Sure, you should eat healthy, clean foods most of the time, but indulging every now and then may do your belly fat some good. How? "Continuous, extreme caloric restriction is not an effective long-term fat-loss solution because it's simply not sustainable," says Turner. "Whether we like it or not, hormones will kick in to return the body to its status quo." So, basically, your body is super smart and will adapt to your diet, slowing down weight loss.

That's why she recommends having one cheat meal every week to keep your metabolism on its toes, so to speak. "From a physiological standpoint, this meal serves to increase your thyroid hormone and boost your metabolism." Just be sure your cheat meat doesn't turn into a cheat day (or week), which can counteract the benefits.

HIIT is your best bet when it comes to workouts to lose belly fat. (Image: Westend61/Westend61/GettyImages)

8. High Intensity Interval Training

HIIT — which consists of short spurts of very intense cardio requiring maximum effort — is super effective at targeting belly fat. When you do HIIT exercises, your muscles "talk" to adipose tissue turning white fat into brown fat, says Apovian.

Why is this good news for stress belly sufferers? Brown fat — unlike white visceral fat deep inside the belly — burns calories. So, the more you have, the more you burn. Plus, "HIIT exercises make your muscles hungry for glucose, which helps to regulate insulin levels, improve insulin resistance and build muscle," says Dr. Gottfried.

Turner agrees. "HIIT is the best type of training for belly fat because it elicits the perfect hormonal response: It raises growth hormone and increases adrenaline, which burn fat, without spiking cortisol." For optimal belly busting results, she suggests doing HIIT for 30 minutes, three to four times a week.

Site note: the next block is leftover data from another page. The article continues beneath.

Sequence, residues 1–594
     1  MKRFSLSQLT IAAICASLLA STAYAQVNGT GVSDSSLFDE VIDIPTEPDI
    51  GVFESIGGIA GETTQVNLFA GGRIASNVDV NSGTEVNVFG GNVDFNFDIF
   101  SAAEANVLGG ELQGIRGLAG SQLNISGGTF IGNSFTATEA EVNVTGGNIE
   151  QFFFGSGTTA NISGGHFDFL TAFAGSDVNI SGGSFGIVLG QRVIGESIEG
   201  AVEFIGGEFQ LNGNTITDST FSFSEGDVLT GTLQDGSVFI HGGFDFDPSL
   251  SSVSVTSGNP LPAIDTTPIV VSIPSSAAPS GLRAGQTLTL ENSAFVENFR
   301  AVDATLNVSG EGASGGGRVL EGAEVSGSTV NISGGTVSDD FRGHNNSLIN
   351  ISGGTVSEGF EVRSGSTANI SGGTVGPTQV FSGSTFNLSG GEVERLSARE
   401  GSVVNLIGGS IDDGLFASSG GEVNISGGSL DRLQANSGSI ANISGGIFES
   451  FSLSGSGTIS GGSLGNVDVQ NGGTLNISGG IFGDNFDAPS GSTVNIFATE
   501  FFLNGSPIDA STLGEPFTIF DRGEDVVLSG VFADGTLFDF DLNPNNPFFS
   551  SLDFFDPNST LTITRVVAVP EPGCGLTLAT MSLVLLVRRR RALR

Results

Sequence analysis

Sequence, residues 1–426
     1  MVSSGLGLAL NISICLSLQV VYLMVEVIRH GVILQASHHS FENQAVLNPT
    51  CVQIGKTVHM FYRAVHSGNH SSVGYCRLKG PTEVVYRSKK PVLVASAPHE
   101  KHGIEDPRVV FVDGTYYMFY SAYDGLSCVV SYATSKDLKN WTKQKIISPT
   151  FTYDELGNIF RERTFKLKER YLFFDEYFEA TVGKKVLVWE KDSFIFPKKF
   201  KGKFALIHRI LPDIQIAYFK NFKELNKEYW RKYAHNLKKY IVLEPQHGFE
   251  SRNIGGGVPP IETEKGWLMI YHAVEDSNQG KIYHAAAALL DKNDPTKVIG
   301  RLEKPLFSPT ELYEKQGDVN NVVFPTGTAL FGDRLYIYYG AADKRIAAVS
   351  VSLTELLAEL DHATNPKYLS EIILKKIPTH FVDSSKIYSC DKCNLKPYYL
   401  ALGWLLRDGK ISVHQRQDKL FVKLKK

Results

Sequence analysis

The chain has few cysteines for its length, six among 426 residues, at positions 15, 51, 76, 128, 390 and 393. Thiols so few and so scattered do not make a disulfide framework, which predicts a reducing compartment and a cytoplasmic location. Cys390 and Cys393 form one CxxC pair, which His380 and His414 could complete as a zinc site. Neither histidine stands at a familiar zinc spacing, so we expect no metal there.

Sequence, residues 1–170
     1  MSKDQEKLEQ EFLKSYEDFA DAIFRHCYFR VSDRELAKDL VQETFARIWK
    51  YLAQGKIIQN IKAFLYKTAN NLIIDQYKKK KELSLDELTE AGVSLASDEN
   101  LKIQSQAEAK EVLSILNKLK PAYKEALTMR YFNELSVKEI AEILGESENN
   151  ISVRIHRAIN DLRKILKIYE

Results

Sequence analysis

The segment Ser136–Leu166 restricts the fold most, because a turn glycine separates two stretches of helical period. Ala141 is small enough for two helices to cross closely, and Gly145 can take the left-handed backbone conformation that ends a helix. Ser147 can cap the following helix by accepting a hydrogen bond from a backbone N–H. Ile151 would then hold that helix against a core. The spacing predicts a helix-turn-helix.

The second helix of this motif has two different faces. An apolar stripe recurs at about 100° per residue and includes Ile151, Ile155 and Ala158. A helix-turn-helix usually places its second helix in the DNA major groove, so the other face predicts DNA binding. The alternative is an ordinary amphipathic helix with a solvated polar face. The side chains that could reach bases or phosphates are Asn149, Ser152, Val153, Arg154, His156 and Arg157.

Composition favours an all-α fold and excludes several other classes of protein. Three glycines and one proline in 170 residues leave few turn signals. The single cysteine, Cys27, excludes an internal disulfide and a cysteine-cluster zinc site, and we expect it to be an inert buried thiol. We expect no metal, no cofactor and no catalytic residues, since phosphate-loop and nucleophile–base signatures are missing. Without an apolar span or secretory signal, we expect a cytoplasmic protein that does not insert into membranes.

9. Find Small Ways to Stay Active

Not every bit of exercise you do needs to be high intensity to beat belly fat, says Dr. Gottfried. "Non-Exercise Activity Thermogenesis (NEAT) is all the ways you burn extra calories through fidgeting, pacing or parking farther away so you walk more — and it adds up."

Apovian agrees: NEAT can increase your brown fat, which helps you scorch more calories. So, how do you make the most of NEAT? Essentially, take every opportunity to get your body moving.

"Squeeze a little extra activity into your day, because everything counts," says Dr. Gottfried. "Try smaller bits of exercise, like pacing while you talk on the phone or taking a two-minute dance break while you brew your coffee." A quick boogie session might also help reduce stress since dance increases levels of serotonin (the feel-good hormone).

10. Eliminate Gluten and Dairy

A crappy boss and credit card bills might be the most obvious sources of stress. But gluten or dairy could also be stressing you out on a physiological level, as they trigger inflammation in your gut, says Dr. Gottfried. And when your gut is irritated, it sends out stress signals, which in turn increases your risk of accumulating belly fat and may even lead to pre-diabetes.

But how do you know if gluten and dairy are causing problems? People with food allergies or sensitivities might experience things like bloating, puffy eyes, grogginess, stiffness in the hands or joint pain, says Turner. If you have any of these symptoms, consult with you physician. Together you can experiment to see if eliminating certain foods makes you feel better.